A My Name is ALICE

A, My Name is Alice by Jane E. Bayer, illustrated by Steven Kellogg. Kellogg is one of my favorite illustrators with his content-rich drawings and humor.

First verse: A, my name is Alice, and my husband’s name is Alex…

A My Name Is …

A My Name Is … by Alice Lyne, illustrated by Lynne Cravath. This version doesn’t always begin each verse with a girl’s name and replaces “husband” with “best friend.”

First verse: A my name is Alex, my best friend’s name is Angie…
Second verse: B my name is Becca, my best friend’s name is Billy…

Valentine Themed Music Resources

The BEST Valentine Game for K-2

To the tune of This Old Man
Valentine, valentine.
Won’t you be my valentine?
Number 1, number 2, number 3 it must be you.
Take my heart along with you.

Sitting in a scattered formation or columns and rows is the most fun, although a circle will work, too. The first child is the leader and has a valentine in their hand and walks around the room as the song is sung. On each of the three numbers, the leader taps the head (or back) of the nearest 3 children. The third child is given the heart, stands up, and holds hands with the leader. The leader continues to slowly walk around the room, meandering in any direction, and when the song gets to the numbers, the child on the end who has the valentine taps 3 heads and gives the valentine to the third child. That child stands up, holds hands with the person who gave them the valentine, and now the group of three walks around the room. The game continues until there is only one child left. When that child gets the valentine, there is only one person left, YOU the teacher. So the end child gets to give the valentine to you.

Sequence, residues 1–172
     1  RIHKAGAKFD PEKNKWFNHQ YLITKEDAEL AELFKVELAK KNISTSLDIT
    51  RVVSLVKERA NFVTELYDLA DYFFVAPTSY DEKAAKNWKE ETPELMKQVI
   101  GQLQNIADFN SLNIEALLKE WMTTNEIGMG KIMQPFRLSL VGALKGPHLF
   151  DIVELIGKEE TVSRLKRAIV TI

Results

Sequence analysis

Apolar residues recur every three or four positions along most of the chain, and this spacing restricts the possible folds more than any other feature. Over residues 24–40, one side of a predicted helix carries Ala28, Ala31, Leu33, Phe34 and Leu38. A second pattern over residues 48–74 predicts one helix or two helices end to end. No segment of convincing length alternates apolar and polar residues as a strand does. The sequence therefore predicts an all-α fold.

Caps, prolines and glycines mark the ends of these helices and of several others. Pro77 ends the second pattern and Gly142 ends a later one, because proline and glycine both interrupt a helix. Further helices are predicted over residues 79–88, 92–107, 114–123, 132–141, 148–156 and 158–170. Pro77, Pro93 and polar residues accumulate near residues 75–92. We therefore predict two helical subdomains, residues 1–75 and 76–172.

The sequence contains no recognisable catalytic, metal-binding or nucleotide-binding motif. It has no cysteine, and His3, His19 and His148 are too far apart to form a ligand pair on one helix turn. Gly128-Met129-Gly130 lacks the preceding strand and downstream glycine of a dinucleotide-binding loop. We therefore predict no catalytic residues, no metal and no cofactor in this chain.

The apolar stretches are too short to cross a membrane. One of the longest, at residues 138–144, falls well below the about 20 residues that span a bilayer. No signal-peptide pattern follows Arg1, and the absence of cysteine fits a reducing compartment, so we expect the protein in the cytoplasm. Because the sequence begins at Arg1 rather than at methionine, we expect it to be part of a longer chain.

Roses Are Red

This is a wonderful 6/8 Valentine activity for grades 3-5.

Using the old poem “Roses are Red”, echo speak with body percussion until everyone knows it.

1.  Individuals improvise the poem on pitched percussion/recorders.  When we do this, we start with someone and just proceed all around the room.  I keep a little bass beat on the BX and play a little interlude between each child.  It is so much fun and the 6/8 of course is lilting and beautiful!

2.  Finish the melody activity-On xylophones have students learn DRMS, DRMS for the first two lines of the poem and then they create the melody for the last two lines.  We vote on our favorite and that becomes their class melody.  I usually do it in C pentatonic.  It would work well on recorders in G major.  OR, you could do LDRM in E minor on recorders for a fun and accessible way to finish a melody using the notes EGAB.